That’s it. That’s the post.
I did make lasagna, though. I can’t remember the last time I did. Between the IBS and the lactose intolerance and the no wheat thing, it seemed like a pipe dream, but a friend of mine posted a picture of her lasagna, and I remembered seeing gluten-free no-boil lasagna noodles at the store (and I’m stocked up on Lactaid), so I thought, “Eh, why not?” and so a lasagna was born.
I almost burnt it, but that’s neither here nor there.
You know what’s sad? How poorly I do without external motivation. The A to Z Challenge is over, so I haven’t posted anything since last Monday, but ALSO I had to force myself to post this today, so I wouldn’t go one more day without not posting it. I mean, it’s fine because I do this for me, but I had stuff to talk about on Monday! I just didn’t.
So here’s that stuff.
1. I posted one thing last week: It’s Monday and I’m Reflecting on the 2020 #AtoZChallenge.
2. My school announced yesterday (after business hours) that we’ll be online in the fall.
3. I decided that I want to keep posting about my experiences in the pandemic in an organized way so I’m going to start a new series on my blog entitled Pandemic Alphabet. I won’t be going in alphabetical order but use that as the framing/title device. I think, right now, that I’m still going to be focusing on gratitude stuff, but that may change. I think the title gives me some flexibility.
Also, I made a graphic, so it’s official.
4. I am still watching The Bernie Mac Show on Hulu and accidentally on purpose watching The Vampire Diaries on Netflix.
5. I read some books!
My rating: 3 of 5 stars
This was super cute, and I loved that Yumi wanted to be a comedian and the look at comedy camp. Comedy camp! Amazing.
My rating: 4 of 5 stars
I read this book because I’m working on getting out of debt (obviously) and the credit counseling agency suggested I speak to my creditors about lowering my monthly payments. I wasn’t sure where to start and a friend suggested I read the chapter in this book about communicating with creditors. It was, indeed, helpful. Me being me, I of course went back and read the whole thing.
I don’t remember a whole lot about the book, honestly, because it took me months to finish. The main things I remember (and like!) about the book are these:
1. This takes a much different approach than Dave Ramsey’s The Total Money Makeover: A Proven Plan for Financial Fitness. Ramsey’s approach is get more jobs and make more money to pay down the debt quickly. Mundis advises instead that you not work yourself to death to pay off your debt and instead make more space for yourself and the things you enjoy doing and work on paying off the debt slowly instead. It’s a different approach to be sure and much gentler, but as a person who can’t really work a second job in a way that wouldn’t leave me completely depleted, Mundis’s way is very appealing.
2. There’s a great section on calculating household financial contributions that takes into account household labor, so anyone who is partnered and knows they’re pulling their weight with labor if not with money, that may be useful.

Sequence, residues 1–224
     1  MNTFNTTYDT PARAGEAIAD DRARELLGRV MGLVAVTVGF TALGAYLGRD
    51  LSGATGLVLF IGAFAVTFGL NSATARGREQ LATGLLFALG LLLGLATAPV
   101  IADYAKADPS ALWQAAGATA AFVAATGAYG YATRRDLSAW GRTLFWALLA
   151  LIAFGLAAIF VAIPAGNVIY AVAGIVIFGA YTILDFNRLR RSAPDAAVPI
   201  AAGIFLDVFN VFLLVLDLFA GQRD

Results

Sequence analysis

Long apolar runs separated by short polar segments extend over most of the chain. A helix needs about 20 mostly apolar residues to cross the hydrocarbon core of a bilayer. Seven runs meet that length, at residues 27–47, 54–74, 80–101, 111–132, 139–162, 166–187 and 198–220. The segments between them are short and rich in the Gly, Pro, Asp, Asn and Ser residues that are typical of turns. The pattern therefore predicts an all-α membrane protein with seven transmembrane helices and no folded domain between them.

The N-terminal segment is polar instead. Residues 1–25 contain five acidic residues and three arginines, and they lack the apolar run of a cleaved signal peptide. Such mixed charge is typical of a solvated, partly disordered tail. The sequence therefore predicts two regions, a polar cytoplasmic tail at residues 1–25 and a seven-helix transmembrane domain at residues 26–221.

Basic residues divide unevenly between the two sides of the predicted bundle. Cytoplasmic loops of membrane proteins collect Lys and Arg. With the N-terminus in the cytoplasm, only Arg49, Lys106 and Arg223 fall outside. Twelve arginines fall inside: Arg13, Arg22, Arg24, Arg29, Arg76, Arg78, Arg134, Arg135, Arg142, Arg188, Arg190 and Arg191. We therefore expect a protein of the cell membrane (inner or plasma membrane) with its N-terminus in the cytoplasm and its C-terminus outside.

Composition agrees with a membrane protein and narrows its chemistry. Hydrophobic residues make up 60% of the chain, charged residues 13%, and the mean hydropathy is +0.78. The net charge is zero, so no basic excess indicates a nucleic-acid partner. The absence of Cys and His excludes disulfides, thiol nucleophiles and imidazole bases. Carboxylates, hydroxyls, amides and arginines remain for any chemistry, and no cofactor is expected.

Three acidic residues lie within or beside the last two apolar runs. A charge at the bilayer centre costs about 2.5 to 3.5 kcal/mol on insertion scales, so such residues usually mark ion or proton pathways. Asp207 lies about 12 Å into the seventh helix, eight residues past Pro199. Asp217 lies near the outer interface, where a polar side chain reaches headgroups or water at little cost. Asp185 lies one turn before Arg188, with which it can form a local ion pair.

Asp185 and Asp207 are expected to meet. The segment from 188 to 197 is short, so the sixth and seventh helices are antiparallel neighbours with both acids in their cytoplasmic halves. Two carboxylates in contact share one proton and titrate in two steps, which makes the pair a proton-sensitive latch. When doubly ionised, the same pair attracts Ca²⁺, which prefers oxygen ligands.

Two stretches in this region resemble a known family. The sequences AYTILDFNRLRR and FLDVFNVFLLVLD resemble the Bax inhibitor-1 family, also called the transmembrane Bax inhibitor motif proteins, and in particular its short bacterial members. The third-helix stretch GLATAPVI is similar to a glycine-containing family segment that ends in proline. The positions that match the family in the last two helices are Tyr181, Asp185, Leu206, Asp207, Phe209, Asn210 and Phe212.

3. Okay so this third thing was so huge that I actually marked the page because if nothing else, this is the main thing I need to remember from this book:
Every action you take is a complete success, regardless of the results.
As a perfectionist who constantly gets paralyzed when it’s time to take action because I can’t stop focusing on the possible outcomes, I need to tattoo this on the inside of my eyelids. I mean, honestly.
That statement was preceded by this one, which is also important (and which I already know and have an easier time with even if that does mean I’m contradicting myself, but brains, man):
Whatever the action is, it’s the action that brings about a result, not a wish.
I mean, yes, that makes sense to me, but you know, I want to control those results. So, the book was worth it to me for that one.
Oh and here’s another good gem:
A final point about goals is they are not something you have to achieve.
So there you go.
All in all, this is a good addition to my debt reduction arsenal. It has good, practical advice and favors a gentle approach (which is hard for me!).
Oh, since Debtors Anonymous is mentioned in the title, I should mention that he spends about a page and a half on that specifically when he encourages the reader to find a support group, though he acknowledges that it’s not the only one or the only avenue for support. It’s mentioned again at the very end under resources as well. The book didn’t feel like an ad for it at all, which is what I thought it might be when I started reading. So if you were considering checking out the book but were put off by the fact that he may proselytize, he doesn’t. Like most self-help books, though, he does have a section on God/the universe, etc, so there is also that.
3.5 stars, rounding up
6. I’m starting to think I have a problem. There are all these movies on Netflix I want to watch but haven’t yet, but now some studios are releasing movies that would have come out in theaters for rent, and I am very excited about the possibilities! But also how is that different from watching a movie already included in a streaming subscription? Why is my brain like this? Someone, make it make sense!
7. Here is an interesting article about the pandemic: How (and why) coronavirus is changing our sense of time.
I think that’s it! Have a great rest of the week, everyone! Stay safe out there.